So, who are the rogue traders that have experienced all of this? Here’s a small sample (the ones we know of!). They are not in chronological order but in order of how much money they actually lost their banks (from the lowest to the highest):
1. John Rusnak
The guy that brought down the Allfirst Bank and incurred losses of $69.2 million.
He was sentenced to 7.5 years in prison on January 17th 2003 for hiding the losses that he incurred as a currency trader. He hid the losses for a year. He is now under confinement at his home (since January 2009, meaning that he served almost six years for his rogue trading).
He was ordered to pay back $1, 000 per month after his release from prison and despite the fact that he remains in debt to the full sum of $691.2 million he will probably never be able to pay it back. How did it all happen?
Allfirst Bank wished to make its forex operations go from just hedging to bringing in a yield of profits and thus increase the total profits of the bank.
John Rusnak was hired to do this.
Rusnak was bullish on the Yen. He believed that the Yen would not fall any more after the bursting of the Japanese bubble. He believed that the Yen would rise against the Dollar.
He neglected to hedge his forward contracts believing that the Yen could not fail to rise.
With the onset of the Asian crisis, the Yen fell.
He thus entered false options into the systems to make it seem as if the positions were hedged. He also asked for more money from high brokerage accounts in order to try to win back the money that he had already lost.
The management granted this to him and he invested even more money.
Rusnak made a personal gain of $550, 000 in bonuses plus his salary.
The losses only came to light when the bank asked for capital to be released and they realized that Rusnak had been working in the red all the time.
Rusnak was fired from his position and along with him he brought down 6 senior executives for failing to detect the scam.
One thing is for sure: Rusnak has kept his nose clean since getting out of prison and has managed to fall into relative anonymity. Nobody knows what he’s doing today for work. Continue reading »
“In The Trading Tribe, Ed extends his paradoxical insights about trading and life. ‘We need to experience our feelings. If we resist them, we wind up creating dramas in our lives and in our trading so that we have to experience them.'”
“Everyone knows traders who violate their rules, second guess their systems, give up on winners, stick with losers, and swear they won’t do it again…. Rather than counseling strength, steely discipline, or automation, Ed again turns apparent common sense on its head,. He encourages traders to embrace and celebrate their feelings, especially the ones they are unwilling to feel.”“‘Win or lose, everybody gets what they want from the market. Some people like to lose, so they win by losing money….'”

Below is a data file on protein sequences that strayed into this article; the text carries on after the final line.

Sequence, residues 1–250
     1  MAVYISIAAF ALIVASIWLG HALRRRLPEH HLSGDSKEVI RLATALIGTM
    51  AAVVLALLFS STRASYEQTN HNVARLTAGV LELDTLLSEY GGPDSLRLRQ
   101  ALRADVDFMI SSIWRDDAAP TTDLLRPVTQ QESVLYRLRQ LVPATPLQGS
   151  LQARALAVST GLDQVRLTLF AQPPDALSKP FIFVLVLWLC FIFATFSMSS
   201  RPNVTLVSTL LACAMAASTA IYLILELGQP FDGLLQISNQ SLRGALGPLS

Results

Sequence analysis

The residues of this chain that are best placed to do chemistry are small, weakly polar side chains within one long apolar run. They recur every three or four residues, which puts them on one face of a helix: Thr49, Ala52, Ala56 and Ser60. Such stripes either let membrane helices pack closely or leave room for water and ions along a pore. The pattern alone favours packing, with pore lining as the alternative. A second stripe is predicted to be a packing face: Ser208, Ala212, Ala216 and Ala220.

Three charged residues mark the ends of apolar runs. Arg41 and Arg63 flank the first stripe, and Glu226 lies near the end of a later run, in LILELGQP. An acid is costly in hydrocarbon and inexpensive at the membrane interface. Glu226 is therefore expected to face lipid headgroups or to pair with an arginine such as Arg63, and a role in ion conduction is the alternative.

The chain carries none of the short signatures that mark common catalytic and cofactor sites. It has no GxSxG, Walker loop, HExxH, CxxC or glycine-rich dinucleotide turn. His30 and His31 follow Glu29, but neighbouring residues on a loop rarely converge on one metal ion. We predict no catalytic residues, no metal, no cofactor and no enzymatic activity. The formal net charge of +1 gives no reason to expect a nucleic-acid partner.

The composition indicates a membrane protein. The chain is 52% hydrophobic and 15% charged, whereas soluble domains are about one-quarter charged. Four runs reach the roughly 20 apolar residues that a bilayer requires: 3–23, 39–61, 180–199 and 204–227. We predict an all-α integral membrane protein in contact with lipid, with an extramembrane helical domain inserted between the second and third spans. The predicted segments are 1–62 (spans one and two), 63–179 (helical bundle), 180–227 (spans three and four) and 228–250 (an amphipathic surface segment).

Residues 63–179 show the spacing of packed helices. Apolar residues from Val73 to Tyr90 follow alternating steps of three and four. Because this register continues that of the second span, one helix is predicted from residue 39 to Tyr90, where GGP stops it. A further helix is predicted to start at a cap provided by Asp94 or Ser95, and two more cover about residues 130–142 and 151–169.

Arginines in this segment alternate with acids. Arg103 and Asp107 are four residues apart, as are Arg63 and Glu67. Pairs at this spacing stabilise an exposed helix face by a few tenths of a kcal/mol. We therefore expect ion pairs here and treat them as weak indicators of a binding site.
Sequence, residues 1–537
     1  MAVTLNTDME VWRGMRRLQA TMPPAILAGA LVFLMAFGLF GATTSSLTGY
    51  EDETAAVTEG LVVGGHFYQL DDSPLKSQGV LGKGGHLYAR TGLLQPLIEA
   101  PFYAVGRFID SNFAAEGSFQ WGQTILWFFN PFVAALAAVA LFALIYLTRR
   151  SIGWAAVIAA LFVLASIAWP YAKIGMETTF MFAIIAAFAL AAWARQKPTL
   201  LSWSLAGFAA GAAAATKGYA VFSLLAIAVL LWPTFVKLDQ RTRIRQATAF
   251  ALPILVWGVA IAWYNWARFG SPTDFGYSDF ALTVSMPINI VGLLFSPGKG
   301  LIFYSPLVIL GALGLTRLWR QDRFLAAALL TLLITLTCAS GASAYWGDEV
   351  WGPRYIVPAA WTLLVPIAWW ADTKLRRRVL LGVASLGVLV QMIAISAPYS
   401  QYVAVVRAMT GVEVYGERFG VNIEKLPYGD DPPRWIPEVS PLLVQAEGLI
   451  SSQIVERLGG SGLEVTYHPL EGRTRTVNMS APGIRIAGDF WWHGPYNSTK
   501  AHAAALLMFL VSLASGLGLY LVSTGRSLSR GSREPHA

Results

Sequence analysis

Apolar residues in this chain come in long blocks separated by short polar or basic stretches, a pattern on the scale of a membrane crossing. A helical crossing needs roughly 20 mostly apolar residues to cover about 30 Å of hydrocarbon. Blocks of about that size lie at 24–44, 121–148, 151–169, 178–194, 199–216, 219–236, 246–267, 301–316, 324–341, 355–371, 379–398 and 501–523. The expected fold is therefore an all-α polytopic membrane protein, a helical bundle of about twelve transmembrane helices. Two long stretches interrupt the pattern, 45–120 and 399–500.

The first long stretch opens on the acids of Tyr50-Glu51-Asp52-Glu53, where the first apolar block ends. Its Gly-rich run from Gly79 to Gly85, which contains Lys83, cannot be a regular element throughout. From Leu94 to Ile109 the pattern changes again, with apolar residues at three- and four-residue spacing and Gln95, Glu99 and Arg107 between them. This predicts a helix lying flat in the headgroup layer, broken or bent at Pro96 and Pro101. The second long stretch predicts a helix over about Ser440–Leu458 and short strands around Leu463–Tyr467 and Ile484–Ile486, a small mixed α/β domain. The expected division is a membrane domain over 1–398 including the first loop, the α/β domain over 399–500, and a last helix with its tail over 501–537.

“Technical analysis is a windsock, not a crystal ball. It is a skill that improves with experience and study. Always be a student, there is always someone smarter than you!
“Thou Shall Not Trade Against the Trend.”
Let volatility work in your favor, not against you.
Emotions can be the enemy of the trader and investor, as fear and greed play an important part of one’s decision making process.
Portfolios heavy with underperforming stocks rarely outperform the stock market!
Even the best looking chart can fall apart for no apparent reason. Thus, never fall in love with a position but instead remain vigilant in managing risk and expectations. Use volume as a confirming guidepost.
When trading, if a stock doesn’t perform as expected within a short time period, either close it out or tighten your stop-loss point.
As long as a stock is acting right and the market is “in-gear,” don’t be in a hurry to take a profit on the whole positions, scale out instead.
Never let a profitable trade turn into a loss and never let an initial trading position turn into a long-term one because it is at a loss.
It’s not the ones that you sell that go higher that matters, it’s the ones you don’t sell which go lower, that do.
Don’t think you can consistently buy at the bottom nor sell at the top. This can rarely be consistently done. Continue reading »
In case you were wondering why sterling might be suffering on the back of the Dubai story, Reuters reports on Thursday:
LONDON, Nov 26 (Reuters) – The Dubai government could be forced to hold a firesale of its international real estate if creditors to two of its flagship companies reject proposals to put near-term debt obligations on ice until May 2010.
International property advisers are bracing for a potential slew of instructions to revalue and sell trophy assets owned by Dubai World and its many property-owning units as the emirate struggles to shrink its $59 billion debt pile.
“We do expect the Dubai government to step up efforts to raise capital via real estate sales, and sales of their UK assets in particular,” James Lewis, a member of the Gulf capital markets team at property consultant Knight Frank told Reuters. Lewis said Dubai had a better chance of denting its massive financial liabilities if it raided its group portfolio, which comprises international landmarks such as the Grand Buildings close to London’s Trafalgar Square, the Mandarin Oriental hotel in New York and the Victoria & Albert Waterfront complex in Cape Town, South Africa.
“The simple supply and demand imbalance (in Dubai) is horrific, which begs the question of why you would want to buy commercial and residential property there if you couldn’t be sure of letting it,” Lewis said.